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Christopher Nolan Talks The Politics & Influences Of 'The Dark Knight Rises' & More From the Film's Press Tour

Features
by Oliver Lyttelton
July 24, 2012 10:00 AM
5 Comments
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"The Dark Knight Rises" is finally in theaters, and has been inspiring furious debate all weekend and into this week. But what there's relatively little of, compared to most major blockbusters, is thoughts on the film, and its production, from the filmmakers and cast themselves. Christopher Nolan is relatively press-shy (he doesn't do online press at all, outside press conferences), and compared to the onslaught of interviews that most tentpoles unleash, "The Dark Knight Rises" knew it was a sure thing, and didn't feel the need to chuck out the same sound bites endlessly.

Nevertheless, there have been pretty of tidbits from Nolan, his brother and co-writer Jonathan, the crew, and the cast, including Christian Bale, Tom Hardy, Anne Hathaway, Gary Oldman and Michael Caine, over the weeks and months leading up to the film's release. And now that we've had our say on the film, we've delved into the various interviews to bring you some of the most interesting bits of information about the genesis and production of "The Dark Knight Rises." Read on for more.

Jonathan Nolan's major inspiration for the script was Charles Dickens' "A Tale Of Two Cities."
The influences on the Bat-trilogy have never been especially obvious until you see the film, with touchstones like "Heat" and "The Wire" banded around for "The Dark Knight." Writer Jonathan Nolan went even further back, finding inspiration that even predated the current recession, but proved entirely prescient. Nolan told JoBlo, "Chris and David started developing the story in 2008 right after the second film came out.  Before the recession. Before Occupy Wall Street or any of that. Rather than being influenced by that, I was looking to old good books and good movies. Good literature for inspiration... What I always felt like we needed to do in a third film was, for lack of a better term, go there. All of these films have threatened to turn Gotham inside out and to collapse it on itself. None of them have actually achieved that until this film. 'A Tale of Two Cities' was, to me, one of the most harrowing portrait of a relatable, recognizable civilization that completely folded to pieces with the terrors in Paris in France in that period. It's hard to imagine that things can go that badly wrong."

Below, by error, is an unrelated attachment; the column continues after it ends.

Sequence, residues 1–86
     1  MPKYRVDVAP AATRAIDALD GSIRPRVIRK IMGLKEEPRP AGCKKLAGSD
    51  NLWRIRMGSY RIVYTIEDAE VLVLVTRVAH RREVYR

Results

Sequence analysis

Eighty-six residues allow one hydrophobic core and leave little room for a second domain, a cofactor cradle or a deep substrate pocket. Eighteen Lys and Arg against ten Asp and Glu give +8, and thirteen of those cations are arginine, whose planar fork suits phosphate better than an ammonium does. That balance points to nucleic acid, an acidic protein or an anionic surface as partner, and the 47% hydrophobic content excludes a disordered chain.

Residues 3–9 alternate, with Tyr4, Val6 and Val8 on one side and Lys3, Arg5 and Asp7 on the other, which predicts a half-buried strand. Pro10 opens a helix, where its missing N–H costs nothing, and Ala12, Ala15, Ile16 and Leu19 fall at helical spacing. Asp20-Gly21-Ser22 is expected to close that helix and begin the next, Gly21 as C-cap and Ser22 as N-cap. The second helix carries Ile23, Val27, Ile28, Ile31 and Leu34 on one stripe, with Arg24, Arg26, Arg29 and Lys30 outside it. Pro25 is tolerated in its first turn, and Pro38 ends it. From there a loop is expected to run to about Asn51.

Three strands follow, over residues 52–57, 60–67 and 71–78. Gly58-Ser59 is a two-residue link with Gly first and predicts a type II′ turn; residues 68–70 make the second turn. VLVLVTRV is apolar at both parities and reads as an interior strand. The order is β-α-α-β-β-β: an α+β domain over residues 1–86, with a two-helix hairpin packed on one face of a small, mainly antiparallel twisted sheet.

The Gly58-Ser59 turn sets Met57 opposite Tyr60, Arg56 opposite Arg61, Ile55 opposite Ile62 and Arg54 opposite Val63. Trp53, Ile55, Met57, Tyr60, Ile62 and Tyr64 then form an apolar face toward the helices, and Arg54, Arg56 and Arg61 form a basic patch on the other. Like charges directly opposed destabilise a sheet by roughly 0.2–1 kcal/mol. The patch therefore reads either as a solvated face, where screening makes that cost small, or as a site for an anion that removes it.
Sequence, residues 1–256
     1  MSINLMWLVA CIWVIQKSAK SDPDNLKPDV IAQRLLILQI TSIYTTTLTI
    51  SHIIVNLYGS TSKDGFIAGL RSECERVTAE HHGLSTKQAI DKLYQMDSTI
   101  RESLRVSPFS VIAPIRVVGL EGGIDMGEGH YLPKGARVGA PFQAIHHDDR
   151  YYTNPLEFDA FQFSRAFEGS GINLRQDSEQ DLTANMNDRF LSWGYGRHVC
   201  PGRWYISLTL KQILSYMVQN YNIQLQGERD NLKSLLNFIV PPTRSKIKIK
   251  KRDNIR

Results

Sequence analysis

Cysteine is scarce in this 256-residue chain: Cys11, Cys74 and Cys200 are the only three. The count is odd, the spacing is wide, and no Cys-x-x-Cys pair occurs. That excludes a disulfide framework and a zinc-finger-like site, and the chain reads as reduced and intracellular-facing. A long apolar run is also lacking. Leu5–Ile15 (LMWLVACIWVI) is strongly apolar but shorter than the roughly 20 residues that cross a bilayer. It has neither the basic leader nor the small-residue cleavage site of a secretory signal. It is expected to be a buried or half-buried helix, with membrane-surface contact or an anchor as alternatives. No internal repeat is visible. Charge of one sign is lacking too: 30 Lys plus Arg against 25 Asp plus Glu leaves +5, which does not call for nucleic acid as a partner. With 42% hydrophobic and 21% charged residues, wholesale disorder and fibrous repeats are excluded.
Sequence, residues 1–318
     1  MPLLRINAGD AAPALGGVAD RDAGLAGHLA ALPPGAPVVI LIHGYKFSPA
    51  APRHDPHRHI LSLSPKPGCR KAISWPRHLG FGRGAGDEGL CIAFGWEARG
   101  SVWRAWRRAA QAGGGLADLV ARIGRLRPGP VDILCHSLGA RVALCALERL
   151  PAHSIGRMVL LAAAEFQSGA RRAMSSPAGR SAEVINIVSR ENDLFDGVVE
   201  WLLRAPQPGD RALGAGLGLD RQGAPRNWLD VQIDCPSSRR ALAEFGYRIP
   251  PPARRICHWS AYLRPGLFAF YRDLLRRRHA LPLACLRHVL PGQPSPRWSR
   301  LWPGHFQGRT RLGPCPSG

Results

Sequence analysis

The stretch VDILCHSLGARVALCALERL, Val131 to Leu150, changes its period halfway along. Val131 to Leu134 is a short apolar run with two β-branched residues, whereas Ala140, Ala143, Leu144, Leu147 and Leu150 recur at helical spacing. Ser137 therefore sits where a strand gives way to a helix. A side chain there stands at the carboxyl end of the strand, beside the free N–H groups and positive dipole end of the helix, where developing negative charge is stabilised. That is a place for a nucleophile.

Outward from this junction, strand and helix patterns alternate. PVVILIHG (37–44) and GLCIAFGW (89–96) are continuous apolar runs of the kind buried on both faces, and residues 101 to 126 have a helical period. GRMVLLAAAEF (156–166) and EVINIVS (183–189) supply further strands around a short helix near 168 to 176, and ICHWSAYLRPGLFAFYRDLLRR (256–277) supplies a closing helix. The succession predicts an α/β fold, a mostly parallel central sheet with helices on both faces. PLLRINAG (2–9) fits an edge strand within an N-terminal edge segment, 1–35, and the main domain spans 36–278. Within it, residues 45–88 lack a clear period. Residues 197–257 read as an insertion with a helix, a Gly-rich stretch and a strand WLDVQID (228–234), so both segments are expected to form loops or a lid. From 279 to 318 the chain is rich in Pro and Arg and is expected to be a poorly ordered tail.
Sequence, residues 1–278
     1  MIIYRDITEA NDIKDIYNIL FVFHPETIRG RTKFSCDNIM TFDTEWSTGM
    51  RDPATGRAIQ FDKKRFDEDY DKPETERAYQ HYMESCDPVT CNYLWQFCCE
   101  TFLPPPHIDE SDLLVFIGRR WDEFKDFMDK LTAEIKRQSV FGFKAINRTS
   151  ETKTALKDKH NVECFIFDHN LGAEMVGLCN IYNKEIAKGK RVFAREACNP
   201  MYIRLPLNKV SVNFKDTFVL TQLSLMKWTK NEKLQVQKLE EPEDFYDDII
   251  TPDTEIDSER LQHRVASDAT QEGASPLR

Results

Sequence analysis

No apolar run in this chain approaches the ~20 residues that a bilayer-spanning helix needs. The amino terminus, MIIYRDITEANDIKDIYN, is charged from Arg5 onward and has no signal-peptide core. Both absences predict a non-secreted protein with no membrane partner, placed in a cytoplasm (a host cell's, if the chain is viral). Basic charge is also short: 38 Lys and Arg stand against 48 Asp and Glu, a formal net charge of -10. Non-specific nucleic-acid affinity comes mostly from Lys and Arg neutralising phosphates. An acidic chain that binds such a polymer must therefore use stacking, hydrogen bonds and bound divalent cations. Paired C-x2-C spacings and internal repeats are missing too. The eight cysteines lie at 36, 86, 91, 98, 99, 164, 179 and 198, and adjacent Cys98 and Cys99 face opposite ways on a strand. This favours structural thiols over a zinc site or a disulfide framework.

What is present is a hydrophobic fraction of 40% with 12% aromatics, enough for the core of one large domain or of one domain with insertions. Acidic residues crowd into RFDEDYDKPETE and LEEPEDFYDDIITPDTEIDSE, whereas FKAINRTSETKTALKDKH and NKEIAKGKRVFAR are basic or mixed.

When it came time to show his big brother the script, he suggested he read Dickens as the primer. "When Jonah showed me his first draft of his screenplay," Chris Nolan says, "it was 400 pages long or something.  It had all this crazy stuff in it. As part of a primer when he handed it to me, he said, 'You've got to think of 'A Tale of Two Cities' which, of course, you've read.' I said, 'Absolutely.' I read the script and was a little baffled by a few things and realized that I'd never read 'A Tale of Two Cities'. It was just one of those things that I thought I had done. Then I got it, read it and absolutely loved it and got completely what he was talking about... When I did my draft on the script, it was all about 'A Tale of Two Cities.' "

Wally Pfister says Sidney Lumet and "The Battle Of Algiers" are among the film's influences.